2. Develop methods to help information consumers more easily identify trustworthy information sources.

For example, information organisations and platforms could be certified as an epistemically responsible information source. An epistemically responsible information source would be one that has done all that it practicably can to distribute true and well-founded information.

3. Explore technological or institutional methods to "signal boost" reliable decision-relevant information in an asymmetric manner.

Various professional communities have long been concerned with issues related to the production and evaluation of true information. It is possible to draw on practices employed by these communities such as scientific replication, journalistic fact-checking, legal evidential thresholds, and analytical quality assurance to boost the prevalence and visibility of reliable decision-relevant information. It is important to note that signal boosting reliable decision-relevant information requires engaging head-on with the various societally held views on what makes information true and useful, and developing and adapting tools and methods that work for, within, and across diverse communities. 

4. Develop technological or institutional methods to monitor changes in social information systems to rapidly detect adversarial action during times of tension or crises. 

Intervening in information systems is fraught with unintended consequences. Strategies should be developed for monitoring emerging information technologies and platforms, forecasting their impact on informed collective action, and monitoring emerging claims and narratives that could undermine collective action in times of crises.

5. Build capacity to use holistic systems-mapping procedures (constructing an integrated view of social epistemic systems) and red-teaming strategies (deliberately exploring a scenario from an adversary's perspective) to help identify and analyse threats. 

Holistic overviews of social epistemic infrastructures are important because complex information systems most often suffer from multiple overlapping threats and vulnerabilities. A solution to one might exacerbate another, and many interventions will have second-, third-, and higher-level effects. Therefore, threats and vulnerabilities to socio-technical systems or information production and dissemination should not be addressed as a list of independent problems with prescribed fixes. 

6. Establish working relationships with a diverse array of experts experienced in identifying and analysing threats and who could serve as advisors before and during crises.

In a crisis it is important that a democratic society can deploy people skilled in the kinds of techniques for appraising epistemic threats and vulnerabilities described in this report. These experts are currently distributed throughout various disciplines and professions (government and non-government) and employ different strategies for identifying and dealing with epistemic threats. For example, responsible journalists and journalism agencies undertake internal fact checking procedures to counter the spread of misinformation, and psychologists investigate vulnerabilities in the processes by which individuals choose to consume information and form beliefs. To address the wide variety of epistemic threats and vulnerabilities that face a heterogeneous society it is important to draw on a diversity of viewpoints when assembling a community of epistemic security experts.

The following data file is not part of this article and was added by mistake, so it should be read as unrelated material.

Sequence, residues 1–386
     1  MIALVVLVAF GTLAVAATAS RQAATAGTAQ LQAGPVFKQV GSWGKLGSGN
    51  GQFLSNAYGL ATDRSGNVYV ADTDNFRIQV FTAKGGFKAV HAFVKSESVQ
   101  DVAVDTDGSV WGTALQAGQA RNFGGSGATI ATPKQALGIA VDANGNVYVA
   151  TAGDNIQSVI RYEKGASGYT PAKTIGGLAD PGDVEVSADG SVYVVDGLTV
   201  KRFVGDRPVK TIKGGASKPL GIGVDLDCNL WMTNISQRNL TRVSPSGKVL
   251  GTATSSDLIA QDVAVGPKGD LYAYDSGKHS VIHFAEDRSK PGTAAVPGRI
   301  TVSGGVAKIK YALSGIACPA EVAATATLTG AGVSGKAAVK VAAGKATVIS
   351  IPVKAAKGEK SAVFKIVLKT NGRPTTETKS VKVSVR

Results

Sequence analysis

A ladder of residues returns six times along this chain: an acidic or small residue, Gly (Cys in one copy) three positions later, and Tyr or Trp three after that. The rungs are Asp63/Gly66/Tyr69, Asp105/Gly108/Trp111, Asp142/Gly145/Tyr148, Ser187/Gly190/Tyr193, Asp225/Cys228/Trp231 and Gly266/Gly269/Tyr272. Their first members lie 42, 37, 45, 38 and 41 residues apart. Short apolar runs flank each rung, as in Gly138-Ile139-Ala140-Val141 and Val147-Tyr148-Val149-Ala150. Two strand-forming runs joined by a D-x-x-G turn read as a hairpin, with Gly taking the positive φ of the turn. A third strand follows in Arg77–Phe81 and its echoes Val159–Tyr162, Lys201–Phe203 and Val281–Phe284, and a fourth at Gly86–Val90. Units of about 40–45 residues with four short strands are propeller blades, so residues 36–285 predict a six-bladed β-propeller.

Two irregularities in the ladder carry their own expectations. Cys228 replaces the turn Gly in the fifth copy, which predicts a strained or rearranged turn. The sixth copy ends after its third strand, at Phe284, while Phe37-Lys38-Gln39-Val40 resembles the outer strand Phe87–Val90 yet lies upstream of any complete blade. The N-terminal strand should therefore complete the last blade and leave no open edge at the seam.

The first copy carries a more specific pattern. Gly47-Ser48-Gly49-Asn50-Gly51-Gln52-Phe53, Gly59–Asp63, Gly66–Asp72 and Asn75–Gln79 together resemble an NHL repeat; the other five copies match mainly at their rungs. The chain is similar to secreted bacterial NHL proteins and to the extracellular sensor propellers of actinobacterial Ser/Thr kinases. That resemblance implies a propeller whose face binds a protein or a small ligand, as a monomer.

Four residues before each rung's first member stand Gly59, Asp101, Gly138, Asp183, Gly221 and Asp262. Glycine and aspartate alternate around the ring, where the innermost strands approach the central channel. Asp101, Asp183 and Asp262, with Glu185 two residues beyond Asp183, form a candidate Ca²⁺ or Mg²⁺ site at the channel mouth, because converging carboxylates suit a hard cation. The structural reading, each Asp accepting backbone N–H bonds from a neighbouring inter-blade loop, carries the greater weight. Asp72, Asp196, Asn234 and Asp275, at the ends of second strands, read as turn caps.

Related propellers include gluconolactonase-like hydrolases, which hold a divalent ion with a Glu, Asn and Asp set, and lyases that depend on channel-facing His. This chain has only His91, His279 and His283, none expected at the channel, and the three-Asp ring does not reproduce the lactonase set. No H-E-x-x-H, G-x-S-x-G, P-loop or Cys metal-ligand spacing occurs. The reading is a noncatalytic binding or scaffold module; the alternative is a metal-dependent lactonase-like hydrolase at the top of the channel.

7. Invest in building and curating multidisciplinary research groups and expert networks. 

Epistemic security experts are embedded within separate and diverse professions and often have limited capacity to respond to (or pre-emptively mitigate) epistemic threats. We recommend establishing dedicated programs and institutions to train additional epistemic security experts and to bring together a diverse selection of epistemic security experts previously trained in other disciplines.

Towards greater resilience

In the midst of the COVID-19 pandemic and the upcoming 2020 US presidential elections the need for robust and reliable systems of information production and dissemination is clear. Given the dispersed nature of democratic processes, the capacities for timely decision-making and collective action are easily undermined by disrupting the processes by which information is gathered, distributed, and assessed by decision-making bodies and by the public. If there is no shared belief among the actors in a community about the nature of a crisis or the efficacy of a proposed response, collective action is less likely to ensue.

Citizens of contemporary, technologically rich societies have greater access to information than at any point in history. However, information abundance and other challenges exacerbated by modern information technologies make it difficult for information recipients to evaluate the quality of that information they consume. While it is unlikely the contents of this report approach a solution to managing infodemics such as that which has slowed the response to COVID-19, we hope that the recommendations we present for the promotion of epistemically secure democracies will help us be more resilient to similar events in the future. 

Originally published by the Alan Turing Institute